From Bernice Howe’s front window in North Blue Ridge neighborhood, there is a clear view of the I-435 underpass at 24 Highway.
Within sight, there are five or six individuals roaming the intersection: some panhandling, some sleeping, and one walking back and forth in no direction at all.
Just above piles of sleeping bags and trash, the words “no trespassing” are stenciled in black letters on the underpass pillars.
Just beyond the pillars in the upper portion of the underpass, rows of people are sleeping.
Howe said she has had more than she can take living in the neighborhood that she says has become overrun with members of the transient community.
She said because of the crime and violence, she is no longer allowed to keep her grandchildren at her own house.
“I can’t even have my grandchildren over here. They can’t even play in my yard. My daughter will not allow them down here because of this. Is that fair? I’m a grandma. I love my grandbabies,” she said.
A quick drive around the neighborhood, down Donnelly Avenue to Blue Ridge Boulevard and back up to 24 Highway, revealed a handful of transient community members walking along the streets, sleeping in the treeline at New Winner Park, and roughly a dozen individuals congregating at the Express Stop at Wallace Avenue and 24.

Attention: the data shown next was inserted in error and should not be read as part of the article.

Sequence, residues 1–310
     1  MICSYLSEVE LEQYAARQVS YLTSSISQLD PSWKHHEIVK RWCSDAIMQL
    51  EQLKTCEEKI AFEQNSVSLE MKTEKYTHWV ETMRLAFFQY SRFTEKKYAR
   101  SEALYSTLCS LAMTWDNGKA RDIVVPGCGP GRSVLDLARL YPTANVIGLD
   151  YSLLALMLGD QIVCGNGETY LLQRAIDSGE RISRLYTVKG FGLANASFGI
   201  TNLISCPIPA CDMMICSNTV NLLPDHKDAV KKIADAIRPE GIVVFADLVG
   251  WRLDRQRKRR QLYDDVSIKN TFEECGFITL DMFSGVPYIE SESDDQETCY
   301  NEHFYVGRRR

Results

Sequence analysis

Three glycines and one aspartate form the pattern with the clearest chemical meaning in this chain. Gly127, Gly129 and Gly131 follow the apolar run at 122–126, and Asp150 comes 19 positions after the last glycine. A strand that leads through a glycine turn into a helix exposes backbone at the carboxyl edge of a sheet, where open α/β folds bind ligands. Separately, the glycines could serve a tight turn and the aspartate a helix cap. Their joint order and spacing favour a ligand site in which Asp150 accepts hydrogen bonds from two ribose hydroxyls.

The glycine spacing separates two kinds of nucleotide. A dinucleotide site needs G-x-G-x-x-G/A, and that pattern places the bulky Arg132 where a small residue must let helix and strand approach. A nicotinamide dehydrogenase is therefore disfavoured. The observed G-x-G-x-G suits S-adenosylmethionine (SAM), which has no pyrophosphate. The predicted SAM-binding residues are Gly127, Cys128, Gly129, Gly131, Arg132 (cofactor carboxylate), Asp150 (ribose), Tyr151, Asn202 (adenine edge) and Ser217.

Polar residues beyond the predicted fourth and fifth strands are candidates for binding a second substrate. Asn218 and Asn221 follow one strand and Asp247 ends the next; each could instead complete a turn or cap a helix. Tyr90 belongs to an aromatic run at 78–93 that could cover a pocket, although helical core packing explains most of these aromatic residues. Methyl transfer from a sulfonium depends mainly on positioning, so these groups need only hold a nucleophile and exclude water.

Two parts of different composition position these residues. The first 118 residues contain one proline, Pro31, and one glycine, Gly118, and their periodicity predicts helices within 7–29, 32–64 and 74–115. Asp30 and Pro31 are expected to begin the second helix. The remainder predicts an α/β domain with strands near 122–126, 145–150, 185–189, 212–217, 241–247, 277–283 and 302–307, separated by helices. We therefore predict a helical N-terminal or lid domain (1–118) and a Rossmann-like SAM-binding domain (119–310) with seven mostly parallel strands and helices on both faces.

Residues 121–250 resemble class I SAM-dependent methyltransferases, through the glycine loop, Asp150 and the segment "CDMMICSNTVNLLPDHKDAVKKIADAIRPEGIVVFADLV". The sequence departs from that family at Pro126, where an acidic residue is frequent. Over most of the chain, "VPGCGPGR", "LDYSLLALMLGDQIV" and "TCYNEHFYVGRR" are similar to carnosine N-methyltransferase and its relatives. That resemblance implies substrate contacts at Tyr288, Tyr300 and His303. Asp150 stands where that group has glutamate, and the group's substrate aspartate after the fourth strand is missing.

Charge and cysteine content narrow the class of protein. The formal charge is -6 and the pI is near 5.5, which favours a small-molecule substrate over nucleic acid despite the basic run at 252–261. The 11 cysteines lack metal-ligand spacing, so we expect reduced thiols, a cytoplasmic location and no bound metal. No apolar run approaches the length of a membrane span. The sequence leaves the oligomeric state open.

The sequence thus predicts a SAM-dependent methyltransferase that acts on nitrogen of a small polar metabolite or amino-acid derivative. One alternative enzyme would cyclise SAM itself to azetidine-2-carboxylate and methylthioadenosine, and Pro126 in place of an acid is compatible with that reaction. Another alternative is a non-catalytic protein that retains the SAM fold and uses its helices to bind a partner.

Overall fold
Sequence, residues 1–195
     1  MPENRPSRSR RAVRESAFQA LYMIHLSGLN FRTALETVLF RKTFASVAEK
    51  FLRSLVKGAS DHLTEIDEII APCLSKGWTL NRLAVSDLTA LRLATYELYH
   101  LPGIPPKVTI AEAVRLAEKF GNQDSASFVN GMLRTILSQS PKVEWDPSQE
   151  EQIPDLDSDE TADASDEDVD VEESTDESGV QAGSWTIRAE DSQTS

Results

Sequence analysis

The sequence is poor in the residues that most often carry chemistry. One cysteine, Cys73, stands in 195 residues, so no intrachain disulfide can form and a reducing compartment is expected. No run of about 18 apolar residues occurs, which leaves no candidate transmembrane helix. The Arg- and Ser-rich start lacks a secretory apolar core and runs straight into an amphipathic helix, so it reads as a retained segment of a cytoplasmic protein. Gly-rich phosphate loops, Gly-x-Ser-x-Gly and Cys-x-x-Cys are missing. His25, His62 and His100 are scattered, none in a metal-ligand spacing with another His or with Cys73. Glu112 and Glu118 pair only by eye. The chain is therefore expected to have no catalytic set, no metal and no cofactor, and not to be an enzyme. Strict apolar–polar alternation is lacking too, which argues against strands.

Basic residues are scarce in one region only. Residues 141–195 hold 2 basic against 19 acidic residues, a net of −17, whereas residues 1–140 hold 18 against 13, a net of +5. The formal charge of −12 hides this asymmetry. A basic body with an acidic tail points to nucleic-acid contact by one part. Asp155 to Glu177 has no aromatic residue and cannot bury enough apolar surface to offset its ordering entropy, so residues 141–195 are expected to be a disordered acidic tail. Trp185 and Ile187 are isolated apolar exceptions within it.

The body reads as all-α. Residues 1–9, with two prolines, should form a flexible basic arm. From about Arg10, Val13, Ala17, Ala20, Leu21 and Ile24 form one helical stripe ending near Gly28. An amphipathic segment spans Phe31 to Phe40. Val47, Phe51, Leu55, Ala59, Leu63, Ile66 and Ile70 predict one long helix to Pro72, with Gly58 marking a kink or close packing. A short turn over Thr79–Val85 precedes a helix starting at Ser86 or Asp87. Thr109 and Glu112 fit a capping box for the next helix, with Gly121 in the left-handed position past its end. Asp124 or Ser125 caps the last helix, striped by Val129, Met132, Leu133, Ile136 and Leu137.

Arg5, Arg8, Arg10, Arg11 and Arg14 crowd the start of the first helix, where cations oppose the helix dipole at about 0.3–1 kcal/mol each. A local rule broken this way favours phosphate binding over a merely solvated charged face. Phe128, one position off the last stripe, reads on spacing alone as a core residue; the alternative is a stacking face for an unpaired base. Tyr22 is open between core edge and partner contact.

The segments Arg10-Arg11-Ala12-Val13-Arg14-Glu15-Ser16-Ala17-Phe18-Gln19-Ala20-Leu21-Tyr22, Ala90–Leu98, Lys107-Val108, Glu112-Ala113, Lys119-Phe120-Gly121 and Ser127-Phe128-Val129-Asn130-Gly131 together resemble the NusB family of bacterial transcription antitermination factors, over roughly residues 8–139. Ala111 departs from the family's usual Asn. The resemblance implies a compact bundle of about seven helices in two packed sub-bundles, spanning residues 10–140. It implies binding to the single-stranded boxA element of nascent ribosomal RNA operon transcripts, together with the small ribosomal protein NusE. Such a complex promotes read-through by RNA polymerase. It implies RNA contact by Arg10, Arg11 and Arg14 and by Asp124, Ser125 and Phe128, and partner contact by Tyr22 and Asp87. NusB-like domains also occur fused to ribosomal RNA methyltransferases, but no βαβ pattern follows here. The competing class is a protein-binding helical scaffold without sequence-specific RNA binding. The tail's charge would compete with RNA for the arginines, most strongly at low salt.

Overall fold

A concrete slab next to a playground area at New Winner Park was overrun with garbage, dirty clothes and shoes strewn about, a trash receptacle was overflowing with food containers, and a black trash bag ripped open, contents blowing onto the play area.
Howe said local churches and nonprofit organizations continue to offer meals to the transient community just a block from her home in the park and at a local church.
This, she said, brings them through her neighborhood regularly.
“They stay in the area, knowing they will be fed four or five times a week,” she said. “I understand their need to get a meal. I get that. But when it causes so much trouble for me, a taxpayer who worked my whole life for this city, something has to be done.”
Howe said these individuals have caused a great deal of harm harassing her, stealing from her, and retaliating against her when she speaks out.
She said her community garden has been trampled in, tools, wood, and a wheelbarrow were stolen from her backyard, vehicles have been broken into, her AC unit stolen from her home, fires have been started across the street in retaliation, she has nearly been assaulted and one man has threatened her life.